Deloitte study: 2.4 million jobs in the manufacturing industry can not be filled by 2028 https://www.automation.com/files/pluginfiles/item_99690/field_376/del_reg.jpg
fourteenth November 2018 - As the growth of the US economy continues and manufacturers create more and more jobs in a thriving sector, industry is becoming more and more involved in the industry. An existing workforce crisis could, according to a new skills shortage study from 2018, which was published by Deloitte and The Manufacturing Institute - the Social Impact Arm of the National Association of Manufacturers (NAM). The manufacturing skills gap is expected to increase from the current 488,000 vacancies to 2.4 million remaining manufacturing locations that will be unoccupied between this year and 2028 (compared to 2 million jobs between 2015 and 2025 in our previous generation) Study). In turn, manufacturing industry GDP could be $ 454 billion in 2028 and over $ 2.5 trillion over the next decade.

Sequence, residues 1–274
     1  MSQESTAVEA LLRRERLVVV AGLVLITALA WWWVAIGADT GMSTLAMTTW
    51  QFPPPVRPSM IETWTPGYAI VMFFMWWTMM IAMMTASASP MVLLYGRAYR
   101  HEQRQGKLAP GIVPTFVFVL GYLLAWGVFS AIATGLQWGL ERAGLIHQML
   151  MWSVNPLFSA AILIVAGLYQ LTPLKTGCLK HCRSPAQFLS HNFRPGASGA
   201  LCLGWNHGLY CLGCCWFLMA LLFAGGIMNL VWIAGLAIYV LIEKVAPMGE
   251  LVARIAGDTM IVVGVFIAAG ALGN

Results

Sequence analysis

"Manufacturers in the United States have some of the highest growth rates we've seen in decades. However, industry does not seem to be able to keep up with the resulting increase in employment growth, "said Paul Wellener, vice chairman of Deloitte LLP, and the US industry leader in industrial products and construction. "With almost 2 million job vacancies for 2028, plus 2.69 million job vacancies for retired workers, the number of vacancies could be greater than ever and could not only pose a major challenge for manufacturers, but also the vitality of the industry and the company endanger our economy. "